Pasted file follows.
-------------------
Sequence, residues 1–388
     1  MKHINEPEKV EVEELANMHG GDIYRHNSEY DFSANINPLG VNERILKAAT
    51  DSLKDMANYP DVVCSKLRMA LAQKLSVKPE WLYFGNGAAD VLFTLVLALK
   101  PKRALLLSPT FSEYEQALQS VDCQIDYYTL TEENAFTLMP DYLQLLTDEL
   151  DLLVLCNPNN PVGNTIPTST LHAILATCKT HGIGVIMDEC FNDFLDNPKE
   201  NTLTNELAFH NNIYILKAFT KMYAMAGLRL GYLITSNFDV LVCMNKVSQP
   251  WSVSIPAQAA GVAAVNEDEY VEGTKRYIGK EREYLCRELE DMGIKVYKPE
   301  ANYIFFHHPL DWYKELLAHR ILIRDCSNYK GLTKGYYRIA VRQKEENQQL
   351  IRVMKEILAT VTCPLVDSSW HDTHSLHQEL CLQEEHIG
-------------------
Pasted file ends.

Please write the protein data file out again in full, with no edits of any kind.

Sequence, residues 1–388
     1  MKHINEPEKV EVEELANMHG GDIYRHNSEY DFSANINPLG VNERILKAAT
    51  DSLKDMANYP DVVCSKLRMA LAQKLSVKPE WLYFGNGAAD VLFTLVLALK
   101  PKRALLLSPT FSEYEQALQS VDCQIDYYTL TEENAFTLMP DYLQLLTDEL
   151  DLLVLCNPNN PVGNTIPTST LHAILATCKT HGIGVIMDEC FNDFLDNPKE
   201  NTLTNELAFH NNIYILKAFT KMYAMAGLRL GYLITSNFDV LVCMNKVSQP
   251  WSVSIPAQAA GVAAVNEDEY VEGTKRYIGK EREYLCRELE DMGIKVYKPE
   301  ANYIFFHHPL DWYKELLAHR ILIRDCSNYK GLTKGYYRIA VRQKEENQQL
   351  IRVMKEILAT VTCPLVDSSW HDTHSLHQEL CLQEEHIG